Disclaimer: The following information is provided by Humboldt State University’s Native American Studies Department (NAS) and Save California Salmon. Opinions expressed in this piece do not necessarily reflect the positions of the NEC or its member organizations.
Water Protection Speakers Series To Focus on Native People Fighting For California’s Rivers and Food Systems
Humboldt State University’s Native American Studies Department (NAS) and Save California Salmon invites the public to engage in our Advocacy & Water Protection in Native California Summer Speakers Series & Certificate Program. This will be a free online web series starting on June 4th and continuing on every Friday at noon in June, July and August. The series will culminate with the virtual Advocacy & Water Protection in Native California Symposium on September 25th.
The speaker series will focus on issues such as the state of California’s salmon, culture, advocacy & environmental justice for Tribal communities, sustainable food systems, and direct action & allyship with Indigenous movements. Along with being available on Zoom, the series will be broadcast live on Humboldt State’s NAS Facebook pages and posted on Youtube for use by educators. Registered attendees will have the option of obtaining a Certificate in Advocacy & Water Protection.
Dr. Cutcha Risling Baldy explained that this program is aimed at people interested in making a difference through education and direct action. “We are facing urgent environmental justice issues, we are navigating a pandemic, and we are seeing the importance of direct action and social movements in real time all over the news. This series brings together voices, resources, and stories to help build new visions of the future and inspire people to protect our waters, salmon, and communities.”
This web series is timely as currently many of California’s salmon species are facing extinction, and much of the state’s water supply is in danger of becoming unusable due to pollution, drought, and other issues. Organizers say the situation is getting worse due to droughts and proposals for new dams and diversions which threaten California’s rivers and water. Rural communities are consequently suffering due to lack of a reliable food supply and fishing jobs.
“Although much of our water supply comes from the rivers in Northern California’s Indian country, such as the Sacramento, Trinity, Klamath and Bay Delta, often impacted people are left out of water and fisheries decisions.” said Regina Chichizola from Save California Salmon. “This is despite the health, cultural and food security issues that Native communities are facing due to lack of salmon and clean water. Before the COVID-19 crisis we were supporting the efforts of Tribal communities and youth to force the state and federal governments and NGOs to include our communities in water decisions and conversations. Since COVID North state communities have gone back to being left out of the decisions that impact our water.”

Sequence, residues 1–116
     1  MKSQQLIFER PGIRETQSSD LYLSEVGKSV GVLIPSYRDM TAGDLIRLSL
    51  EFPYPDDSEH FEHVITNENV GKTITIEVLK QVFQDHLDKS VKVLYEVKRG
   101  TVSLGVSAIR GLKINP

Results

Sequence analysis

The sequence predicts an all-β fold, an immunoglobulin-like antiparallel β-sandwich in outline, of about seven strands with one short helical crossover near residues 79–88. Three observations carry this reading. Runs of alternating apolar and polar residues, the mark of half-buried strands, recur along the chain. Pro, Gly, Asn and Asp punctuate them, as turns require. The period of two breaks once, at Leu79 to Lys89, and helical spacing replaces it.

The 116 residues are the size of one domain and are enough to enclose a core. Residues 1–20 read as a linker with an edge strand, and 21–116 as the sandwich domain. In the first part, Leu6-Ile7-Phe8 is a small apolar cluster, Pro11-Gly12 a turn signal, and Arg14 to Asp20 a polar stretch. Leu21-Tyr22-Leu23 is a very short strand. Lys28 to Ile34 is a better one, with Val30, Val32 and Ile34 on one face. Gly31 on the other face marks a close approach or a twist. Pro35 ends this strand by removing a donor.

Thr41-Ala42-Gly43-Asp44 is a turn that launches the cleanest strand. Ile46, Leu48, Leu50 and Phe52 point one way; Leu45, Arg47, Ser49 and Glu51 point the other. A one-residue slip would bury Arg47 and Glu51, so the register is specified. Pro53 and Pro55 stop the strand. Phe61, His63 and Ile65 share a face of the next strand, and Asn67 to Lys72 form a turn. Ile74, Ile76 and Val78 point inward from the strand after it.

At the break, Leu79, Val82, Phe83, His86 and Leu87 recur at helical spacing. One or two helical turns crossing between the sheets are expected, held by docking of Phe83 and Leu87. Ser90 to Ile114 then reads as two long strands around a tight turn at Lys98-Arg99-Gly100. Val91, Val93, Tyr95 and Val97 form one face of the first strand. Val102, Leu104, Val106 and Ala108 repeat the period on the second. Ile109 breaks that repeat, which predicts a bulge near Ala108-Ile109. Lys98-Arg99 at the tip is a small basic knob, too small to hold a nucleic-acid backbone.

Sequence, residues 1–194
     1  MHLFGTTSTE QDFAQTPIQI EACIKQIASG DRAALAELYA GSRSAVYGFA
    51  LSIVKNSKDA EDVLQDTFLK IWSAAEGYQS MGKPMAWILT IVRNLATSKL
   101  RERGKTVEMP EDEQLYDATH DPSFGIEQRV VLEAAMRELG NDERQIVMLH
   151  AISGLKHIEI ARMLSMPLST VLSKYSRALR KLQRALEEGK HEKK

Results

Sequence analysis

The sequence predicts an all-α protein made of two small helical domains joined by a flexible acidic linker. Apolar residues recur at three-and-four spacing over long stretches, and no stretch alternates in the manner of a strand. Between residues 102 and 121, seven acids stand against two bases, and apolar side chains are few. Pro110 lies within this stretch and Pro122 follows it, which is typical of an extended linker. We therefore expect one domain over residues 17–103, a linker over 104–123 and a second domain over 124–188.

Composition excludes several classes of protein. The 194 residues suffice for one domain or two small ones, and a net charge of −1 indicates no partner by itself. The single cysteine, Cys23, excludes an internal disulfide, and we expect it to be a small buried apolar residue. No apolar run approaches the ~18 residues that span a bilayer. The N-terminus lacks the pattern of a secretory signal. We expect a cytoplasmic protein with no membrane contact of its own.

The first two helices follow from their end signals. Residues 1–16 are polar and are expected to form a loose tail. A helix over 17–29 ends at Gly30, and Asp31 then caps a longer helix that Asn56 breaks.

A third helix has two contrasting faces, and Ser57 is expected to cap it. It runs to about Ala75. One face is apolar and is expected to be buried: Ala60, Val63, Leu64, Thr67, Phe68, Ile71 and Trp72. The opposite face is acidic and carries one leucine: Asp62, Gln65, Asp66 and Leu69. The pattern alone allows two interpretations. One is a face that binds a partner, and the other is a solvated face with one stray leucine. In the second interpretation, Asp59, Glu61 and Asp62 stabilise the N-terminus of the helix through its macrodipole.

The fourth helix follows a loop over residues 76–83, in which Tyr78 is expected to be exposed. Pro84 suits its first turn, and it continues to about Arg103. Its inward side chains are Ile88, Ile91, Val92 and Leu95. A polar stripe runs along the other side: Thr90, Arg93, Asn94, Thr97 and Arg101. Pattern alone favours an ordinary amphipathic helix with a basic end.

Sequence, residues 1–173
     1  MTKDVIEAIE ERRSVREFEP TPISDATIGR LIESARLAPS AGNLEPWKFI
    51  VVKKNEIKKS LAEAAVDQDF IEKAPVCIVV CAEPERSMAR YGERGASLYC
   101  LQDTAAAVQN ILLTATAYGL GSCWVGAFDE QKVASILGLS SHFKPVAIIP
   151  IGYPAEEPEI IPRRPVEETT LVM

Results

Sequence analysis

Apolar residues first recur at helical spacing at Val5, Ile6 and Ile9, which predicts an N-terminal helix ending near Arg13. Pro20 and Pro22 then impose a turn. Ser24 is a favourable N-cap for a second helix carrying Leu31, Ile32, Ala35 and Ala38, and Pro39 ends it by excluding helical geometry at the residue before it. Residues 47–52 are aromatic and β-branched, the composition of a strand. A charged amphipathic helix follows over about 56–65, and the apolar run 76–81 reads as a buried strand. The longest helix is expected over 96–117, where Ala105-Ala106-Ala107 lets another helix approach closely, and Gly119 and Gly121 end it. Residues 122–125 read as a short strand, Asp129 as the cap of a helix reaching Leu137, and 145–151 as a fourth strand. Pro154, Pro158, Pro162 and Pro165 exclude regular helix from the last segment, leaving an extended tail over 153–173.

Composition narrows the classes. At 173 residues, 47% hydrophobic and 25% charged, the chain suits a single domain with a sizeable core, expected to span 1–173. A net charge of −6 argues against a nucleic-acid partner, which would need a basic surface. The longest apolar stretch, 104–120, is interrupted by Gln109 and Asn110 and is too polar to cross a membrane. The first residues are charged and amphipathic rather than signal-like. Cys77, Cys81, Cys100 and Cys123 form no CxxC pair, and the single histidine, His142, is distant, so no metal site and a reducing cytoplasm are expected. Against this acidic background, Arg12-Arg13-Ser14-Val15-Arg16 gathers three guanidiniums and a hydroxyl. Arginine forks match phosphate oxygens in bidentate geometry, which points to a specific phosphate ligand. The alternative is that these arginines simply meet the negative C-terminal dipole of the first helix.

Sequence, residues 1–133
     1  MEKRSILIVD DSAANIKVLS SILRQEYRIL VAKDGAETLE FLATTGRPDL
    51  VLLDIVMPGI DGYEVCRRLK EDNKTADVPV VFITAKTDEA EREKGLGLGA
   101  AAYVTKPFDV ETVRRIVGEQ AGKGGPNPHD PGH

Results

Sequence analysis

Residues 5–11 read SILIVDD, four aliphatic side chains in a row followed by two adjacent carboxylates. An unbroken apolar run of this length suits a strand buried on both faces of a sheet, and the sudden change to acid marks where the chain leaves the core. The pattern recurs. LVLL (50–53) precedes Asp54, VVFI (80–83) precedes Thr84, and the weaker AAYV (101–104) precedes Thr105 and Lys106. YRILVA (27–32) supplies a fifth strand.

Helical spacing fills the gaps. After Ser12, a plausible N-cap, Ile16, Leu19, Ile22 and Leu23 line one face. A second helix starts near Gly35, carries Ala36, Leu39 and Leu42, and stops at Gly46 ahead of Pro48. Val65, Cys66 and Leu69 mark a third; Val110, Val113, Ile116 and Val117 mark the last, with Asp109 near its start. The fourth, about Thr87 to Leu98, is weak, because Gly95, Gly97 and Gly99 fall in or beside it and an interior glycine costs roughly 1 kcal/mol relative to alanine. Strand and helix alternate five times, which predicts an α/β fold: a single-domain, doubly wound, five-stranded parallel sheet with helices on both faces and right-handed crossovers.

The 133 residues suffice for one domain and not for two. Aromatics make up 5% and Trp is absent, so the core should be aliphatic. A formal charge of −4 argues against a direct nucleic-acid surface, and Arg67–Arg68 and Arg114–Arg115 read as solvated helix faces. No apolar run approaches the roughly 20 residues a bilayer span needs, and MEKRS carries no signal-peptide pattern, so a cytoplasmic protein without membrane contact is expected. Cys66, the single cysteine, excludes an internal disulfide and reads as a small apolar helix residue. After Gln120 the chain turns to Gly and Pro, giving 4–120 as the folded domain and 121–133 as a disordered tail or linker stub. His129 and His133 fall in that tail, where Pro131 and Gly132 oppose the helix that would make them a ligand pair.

Chichizola went on to say many people do not know that Native communities, other people of color, and youth are organizing the movements to restore California’s rivers and decentralize its food and water supplies. “It is important for non-native people, environmental groups, and governments to educate themselves and make sure native people are included in environmental decision making, along with education and funding conversations and decisions in California.”
Humboldt State University’s Native American Studies department and Save California Salmon encourage anyone that is interested in water, food, education, and/or cultural and racial justice issues in California to attend this web series.
Web Series Schedule:
June: The State of California Salmon
- 6/5: CORE Course – Water Policy, Law, and Tribal Sovereignty in Native California
- 6/12: State of the Salmon and Water Wars on the Klamath River
- 6/19: From the Trump Water Plan to the Shasta Dam Raise: The Fight for Sacramento River/Bay Delta Salmon
- 6/26: Bringing Salmon Home: Eel River Dam Removal
July: Culture, Advocacy & Environmental Justice for Tribal Communities
- 7/3: CORE Course – Grassroots Advocacy & Indigenous Environmental Justice
- 7/10: Arts as Activism: Protecting Land, Water & Life
- 7/17: Cultural Revitalization on the Water: Canoe Traditions in the Pacific Northwest
- 7/24: The River Feeds Us: Food Sovereignty & Community Resilience
- 7/31: Salmon and Acorns Feed Our People: Connections Between Health & Environmental Justice
August: Direct Action & Allyship with Indigenous Movements
- 8/7: CORE Course – From Fish Wars to Fish Kill
- 8/14: Community Organizing & Creating a Campaign
- 8/21: Telling Your Story: Outreach and Media
- 8/28: Youth Water Advocacy & Education
More information can be found at: https://www.californiasalmon.